It is not yet clear how these resources will be managed in integrated library collections or what impact they will have on the use of those collections. Decisions about storing print monographs that have electronic counterparts must be made on a case by case basis, relying heavily on local needs and research interests. Access to the electronic text must fulfill the demands of most, or even all, users to ensure the cost and space savings associated with storage facilities. For those titles having approximate electronic counterparts, it is likely that other criteria such as usage and condition would be weighed more heavily than the availability of electronic access to the content of these titles. For those titles having exact or parallel electronic counterparts, the decisions are simpler but, again, there must be a high level of confidence in user satisfaction with electronic access.


In the environment of integrated library collections, the array of opportunities and challenges presented to collection managers must be solidly grounded in the mission and goals of the academic institution. The library must consider:

* its mission to its primary users,

* its obligations to the larger community,

* its role as a research library in providing breadth and depth of coverage,

* its position on access to information versus ownership of that information,

* its comfort level with the current state of archiving of electronic resources,

* its desire to increase access to special collections and "low-use" materials through digitization, and

* its need to balance the costs of maintaining its print collections with the need to expand its digital resources.

In the increasingly expensive arena of print and electronic journals, the fiscal realities of inadequate acquisitions budgets, increasing demand for electronic access, and the commitment to maintaining research level collections require that librarians work within the broader community to address the outstanding issues preventing a reasonable integration of electronic resources into existing library collections. The difficulty of balancing storage costs (from open stack collections to remote high-density facilities) with user needs for access may be eased in the future as administrative and operational costs for digitizing decrease, but the remaining issues of user expectations, copyright, and the need for archiving have yet to be resolved.

The ALA's Guide to Review of Library Collections (1991) and the Guide to the Evaluation of Library Collections (1989) provide a solid foundation from which to consider the implications of electronic resources on the management of print collections. This article is an initial attempt to expand the existing guidelines and to outline the issues that must be addressed as libraries work toward integrated collection management. At this point there are more questions than answers. Further research is needed in use studies to examine how electronic collections are used and the impact of this use on print collections; in surveys of user satisfaction with, and expectations of, electronic access to library collections; in examining the costs of building digital collections; and in options for distributing these costs in consortial or collaborative partnerships among libraries. In addition, libraries must expand and encourage international cooperation in the development of standards for creating, maintaining, and preserving electronic texts.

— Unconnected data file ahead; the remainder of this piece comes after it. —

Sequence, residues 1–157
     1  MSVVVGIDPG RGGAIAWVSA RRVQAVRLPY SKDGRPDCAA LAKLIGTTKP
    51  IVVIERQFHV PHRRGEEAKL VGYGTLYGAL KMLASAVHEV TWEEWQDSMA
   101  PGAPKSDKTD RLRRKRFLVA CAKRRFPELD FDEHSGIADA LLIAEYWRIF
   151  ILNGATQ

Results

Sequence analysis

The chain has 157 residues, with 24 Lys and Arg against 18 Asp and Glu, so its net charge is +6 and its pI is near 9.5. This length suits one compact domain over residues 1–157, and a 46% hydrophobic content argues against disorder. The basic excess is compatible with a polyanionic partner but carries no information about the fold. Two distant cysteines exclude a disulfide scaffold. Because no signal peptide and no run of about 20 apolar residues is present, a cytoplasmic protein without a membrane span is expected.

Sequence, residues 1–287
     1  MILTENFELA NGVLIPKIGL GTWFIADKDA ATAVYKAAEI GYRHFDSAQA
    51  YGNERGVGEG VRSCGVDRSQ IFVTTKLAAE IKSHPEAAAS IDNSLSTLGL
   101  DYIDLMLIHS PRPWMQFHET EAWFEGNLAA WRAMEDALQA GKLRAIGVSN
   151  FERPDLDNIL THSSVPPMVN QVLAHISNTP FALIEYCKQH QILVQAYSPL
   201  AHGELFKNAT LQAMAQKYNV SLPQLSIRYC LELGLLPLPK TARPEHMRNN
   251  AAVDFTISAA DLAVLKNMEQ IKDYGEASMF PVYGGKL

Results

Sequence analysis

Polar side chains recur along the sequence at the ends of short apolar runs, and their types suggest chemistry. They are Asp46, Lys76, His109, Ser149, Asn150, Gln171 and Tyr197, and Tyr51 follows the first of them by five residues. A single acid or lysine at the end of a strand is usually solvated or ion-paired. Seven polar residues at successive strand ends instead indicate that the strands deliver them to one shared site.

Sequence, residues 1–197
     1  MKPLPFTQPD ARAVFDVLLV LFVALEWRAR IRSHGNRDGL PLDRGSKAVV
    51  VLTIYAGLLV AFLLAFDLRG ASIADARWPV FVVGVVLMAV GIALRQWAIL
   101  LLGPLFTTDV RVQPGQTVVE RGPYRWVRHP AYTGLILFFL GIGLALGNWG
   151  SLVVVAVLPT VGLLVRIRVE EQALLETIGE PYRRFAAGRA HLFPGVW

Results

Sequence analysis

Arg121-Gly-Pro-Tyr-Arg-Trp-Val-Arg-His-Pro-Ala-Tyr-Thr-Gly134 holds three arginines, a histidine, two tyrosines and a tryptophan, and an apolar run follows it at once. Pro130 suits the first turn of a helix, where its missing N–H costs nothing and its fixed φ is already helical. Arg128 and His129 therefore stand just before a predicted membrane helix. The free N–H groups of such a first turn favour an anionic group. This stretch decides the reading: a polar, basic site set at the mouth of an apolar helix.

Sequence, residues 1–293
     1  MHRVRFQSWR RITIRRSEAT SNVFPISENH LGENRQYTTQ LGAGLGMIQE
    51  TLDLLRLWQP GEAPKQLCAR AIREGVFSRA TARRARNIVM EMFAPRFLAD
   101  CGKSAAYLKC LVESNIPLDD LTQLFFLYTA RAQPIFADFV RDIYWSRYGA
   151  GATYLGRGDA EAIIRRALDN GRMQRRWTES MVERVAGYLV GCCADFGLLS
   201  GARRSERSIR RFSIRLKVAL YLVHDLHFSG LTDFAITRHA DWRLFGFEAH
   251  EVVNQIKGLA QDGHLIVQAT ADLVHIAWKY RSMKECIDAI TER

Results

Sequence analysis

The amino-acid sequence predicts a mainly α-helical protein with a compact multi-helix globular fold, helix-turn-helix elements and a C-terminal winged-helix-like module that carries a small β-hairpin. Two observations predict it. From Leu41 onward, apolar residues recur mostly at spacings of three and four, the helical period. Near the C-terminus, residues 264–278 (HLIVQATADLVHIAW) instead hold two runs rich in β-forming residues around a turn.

(1) Use of these terms is not consistent in the literature. Distinctions made between these terms are not intended as definitions, but to categorize the wide variety of electronic texts now available, particularly as they relate to comparable print texts.


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Research for this article included an informal survey of large ARL libraries. Respondents to the survey were asked the following questions.

1. Have print subscriptions been canceled in favor of electronic formats (journals, databases, etc.)?

2. If you haven't yet begun to cancel print subscriptions, what criteria must be met for future cancellations?

3. Have subscriptions been reevaluated and subsequently canceled? If so, why?

4. In the operation of (or planning for) your storage facility are selection/ deselection decisions influenced by the availability of electronic alternatives? For example, are print journals available through JSTOR sent to storage? Do you have other examples?

5. Do you digitize stored materials to meet patron requests for electronic delivery (as an alternative to providing original or fax copies)?

6. Do you have (or plan to have) a formal program to digitize print resources as an alternative to storage (beyond on demand digitizing in the previous question)? Are you discarding print materials that are duplicated in electronic format?

7. Do you believe digitizing (commercial, consortial, or local) is an acceptable alternative to storing low-use print materials? Do you believe such digitization is primarily a mechanism for improving access or delivery rather than a collection management/preservation decision?

8. Do you have a formal document outlining the selection criteria applied to identify materials placed in storage? Does it address the impact of electronic resources?

Janice M. Jaguszewski, Science and Engineering Collections, University of Minnesota, 108 Walter Library, 117 Pleasant St. SE, Minneapolis, MN 55455

Laura K. Probst, Arts and Humanities Collections, University of Minnesota, 70 Ferguson Hall, 2106 S. 4th St., Minneapolis, MN 55455

JANICE M. JAGUSZEWSKI is Coordinator for Science & Engineering Collections at the University of Minnesota--Twin Cities Campus, where she is also a science reference librarian and selector for geology and geophysics. In addition to publishing book reviews, she has written an article for Database and edited the reference book, Recognizing Excellence in the Mathematical Sciences: An International Compilation of Awards, Prizes, and Recipients (JAI Press, 1997).
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Publication:Library Trends
Date:Mar 22, 2000